WASHINGTON (April 12, 2005)—The ordination class of 2005 continues to reflect a trend toward older, better educated men with a substantial percentage born in foreign countries, according to a survey report by sociologist Dean Hoge, PhD.
Hoge, who heads the Life Cycle Institute of The Catholic University of America, wrote the report after considering trends in ordination classes since 1998 and comparing them with data on the men being ordained in 2005.
"The average age at ordination rose from 34.8 to 37.0," Hoge said.
"The level of education prior to entering the seminary rose," Hoge added. "Whereas in 1998, 30 percent had less than a B.A. or B.S. degree, in the 2005 sample only 28 percent had less than a B.A. or B.S. degree. Correspondingly, the percentage who had received a master's degree or a professional degree beyond the B.A. rose from 13 to 32. This is a notable change in only seven years." Among those being ordained are Augustus Puleo, who was a university professor before entering the seminary.
"The percentage born outside the U.S. rose from 24 to 27 percent. The four principal countries of birth today are Vietnam, Mexico, Philippines and Poland," Hoge said. The ordinands include Piotr Gnoinski, of the Archdiocese of Chicago, who was born in Poland; Thienan Tran, of the Diocese of Syracuse, who was born in Vietnam; Rommel Tolentino, of the Diocese of Lake Charles, Louisiana, who was born in the Philippines; and Juan Antonio Romo Romo, of the Society of the Divine Word, who was born in Mexico.
Hoge based his "Report on Survey of 2005 Priestly Ordination" on results of a survey conducted by the United States Conference of Catholic Bishops' vocations office. By the March 31 survey deadline there were 286 responses, 251 from diocesan ordinands and 35 from ordinands in religious congregations. Not all dioceses and religious orders responded.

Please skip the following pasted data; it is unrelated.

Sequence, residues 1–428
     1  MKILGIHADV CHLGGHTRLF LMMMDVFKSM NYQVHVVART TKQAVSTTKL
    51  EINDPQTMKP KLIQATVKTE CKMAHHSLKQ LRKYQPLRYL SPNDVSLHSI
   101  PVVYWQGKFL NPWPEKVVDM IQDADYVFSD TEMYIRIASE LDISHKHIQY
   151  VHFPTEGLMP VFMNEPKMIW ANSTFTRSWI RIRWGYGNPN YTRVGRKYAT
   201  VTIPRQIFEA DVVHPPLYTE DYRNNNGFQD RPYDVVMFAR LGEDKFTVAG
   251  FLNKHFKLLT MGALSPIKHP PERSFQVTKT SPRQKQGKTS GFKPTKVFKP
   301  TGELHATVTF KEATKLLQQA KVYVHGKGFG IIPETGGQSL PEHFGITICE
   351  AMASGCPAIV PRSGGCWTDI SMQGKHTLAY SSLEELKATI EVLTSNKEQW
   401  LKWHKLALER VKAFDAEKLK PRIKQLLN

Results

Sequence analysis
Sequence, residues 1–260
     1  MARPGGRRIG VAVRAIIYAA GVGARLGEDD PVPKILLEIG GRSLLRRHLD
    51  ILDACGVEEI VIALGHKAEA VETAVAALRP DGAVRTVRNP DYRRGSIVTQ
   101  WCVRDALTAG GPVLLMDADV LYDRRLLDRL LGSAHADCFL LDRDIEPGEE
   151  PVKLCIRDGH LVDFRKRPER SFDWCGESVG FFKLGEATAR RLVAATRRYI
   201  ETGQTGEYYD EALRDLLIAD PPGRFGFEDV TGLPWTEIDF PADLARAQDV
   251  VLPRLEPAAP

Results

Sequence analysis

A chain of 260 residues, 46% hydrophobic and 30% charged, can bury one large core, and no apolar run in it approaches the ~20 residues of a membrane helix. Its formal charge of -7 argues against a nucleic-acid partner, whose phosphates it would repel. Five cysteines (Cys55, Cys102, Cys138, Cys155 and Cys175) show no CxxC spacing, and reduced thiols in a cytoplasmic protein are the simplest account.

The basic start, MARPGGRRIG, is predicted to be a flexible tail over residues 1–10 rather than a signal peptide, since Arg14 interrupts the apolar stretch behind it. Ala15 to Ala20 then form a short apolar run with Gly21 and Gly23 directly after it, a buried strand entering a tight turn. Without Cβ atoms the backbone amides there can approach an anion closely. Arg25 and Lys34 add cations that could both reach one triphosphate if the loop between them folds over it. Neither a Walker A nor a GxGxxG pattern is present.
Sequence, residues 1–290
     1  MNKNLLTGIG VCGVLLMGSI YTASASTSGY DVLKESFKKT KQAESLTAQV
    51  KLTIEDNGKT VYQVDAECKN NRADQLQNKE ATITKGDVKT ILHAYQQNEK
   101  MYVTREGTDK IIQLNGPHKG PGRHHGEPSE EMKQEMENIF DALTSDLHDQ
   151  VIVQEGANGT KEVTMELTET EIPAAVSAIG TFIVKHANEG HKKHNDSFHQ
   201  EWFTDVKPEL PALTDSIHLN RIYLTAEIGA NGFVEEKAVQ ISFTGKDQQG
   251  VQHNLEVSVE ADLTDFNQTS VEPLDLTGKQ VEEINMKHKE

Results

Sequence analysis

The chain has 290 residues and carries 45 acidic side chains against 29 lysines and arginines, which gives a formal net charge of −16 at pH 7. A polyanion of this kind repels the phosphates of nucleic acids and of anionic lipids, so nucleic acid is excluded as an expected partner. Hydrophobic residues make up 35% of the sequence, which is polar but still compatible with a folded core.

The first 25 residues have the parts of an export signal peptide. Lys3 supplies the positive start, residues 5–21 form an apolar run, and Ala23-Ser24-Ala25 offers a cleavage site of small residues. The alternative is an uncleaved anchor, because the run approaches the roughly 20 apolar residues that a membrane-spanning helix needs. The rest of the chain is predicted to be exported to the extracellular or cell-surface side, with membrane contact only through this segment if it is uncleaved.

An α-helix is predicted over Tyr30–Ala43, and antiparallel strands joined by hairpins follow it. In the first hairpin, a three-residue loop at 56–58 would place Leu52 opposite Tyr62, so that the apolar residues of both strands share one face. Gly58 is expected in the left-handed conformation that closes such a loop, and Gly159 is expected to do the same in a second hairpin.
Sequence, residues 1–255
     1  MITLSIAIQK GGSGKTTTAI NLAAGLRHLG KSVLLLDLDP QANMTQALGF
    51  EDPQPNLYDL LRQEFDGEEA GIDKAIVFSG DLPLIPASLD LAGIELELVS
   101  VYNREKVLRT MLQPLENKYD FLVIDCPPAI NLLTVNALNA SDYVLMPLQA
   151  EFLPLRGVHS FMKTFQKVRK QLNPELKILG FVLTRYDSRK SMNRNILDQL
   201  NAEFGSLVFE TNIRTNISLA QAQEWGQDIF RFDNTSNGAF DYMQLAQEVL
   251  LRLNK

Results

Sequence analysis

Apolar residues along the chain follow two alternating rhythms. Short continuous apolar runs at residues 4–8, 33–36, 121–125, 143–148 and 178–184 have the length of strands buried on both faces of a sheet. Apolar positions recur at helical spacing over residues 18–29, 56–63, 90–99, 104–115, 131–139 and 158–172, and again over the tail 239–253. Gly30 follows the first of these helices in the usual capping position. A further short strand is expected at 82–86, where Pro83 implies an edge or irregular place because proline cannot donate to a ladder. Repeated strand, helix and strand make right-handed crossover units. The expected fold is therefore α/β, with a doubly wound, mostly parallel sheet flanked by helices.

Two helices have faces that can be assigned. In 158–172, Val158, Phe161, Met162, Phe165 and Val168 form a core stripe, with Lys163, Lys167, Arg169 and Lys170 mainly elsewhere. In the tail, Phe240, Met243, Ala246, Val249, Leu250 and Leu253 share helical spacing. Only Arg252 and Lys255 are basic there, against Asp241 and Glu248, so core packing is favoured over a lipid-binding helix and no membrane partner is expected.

Half of the diocesan ordinands are under age 35, including James Carter, 26, of the Diocese of Knoxville, Tennessee, a student at the Pontifical North American College and one of three men being ordained for the diocese this year. Four percent are over 60, including 70-year-old Joseph Lang, a widowed father of three.
Asian or Pacific Islanders make up 12 percent of all the ordinands, a percentage substantially higher than the estimated two to three percent of the Asians or Pacific Islanders in the total U.S. Catholic population. They include Benjamin Nguyen of the Diocese of Wichita, Kansas, who attended the Pontifical College Josephinum in Columbus, Ohio.
The percentage of Hispanic/Latino seminarians dropped to 10 percent this year. Last year it was 12 percent. The figure is significantly lower than the 25-30 percent of Catholics estimated to be Hispanic/Latino.
Only one percent of the Class of 2005 is African American. African Americans constitute three to four percent of the Catholic Church in the United States.
For 2005, the Archdiocese of Chicago and the Archdiocese of St. Paul and Minneapolis have the largest number of ordinands with 16 and 15 men, respectively.
Catholic education is suggested to be a significant factor in cultivating vocations.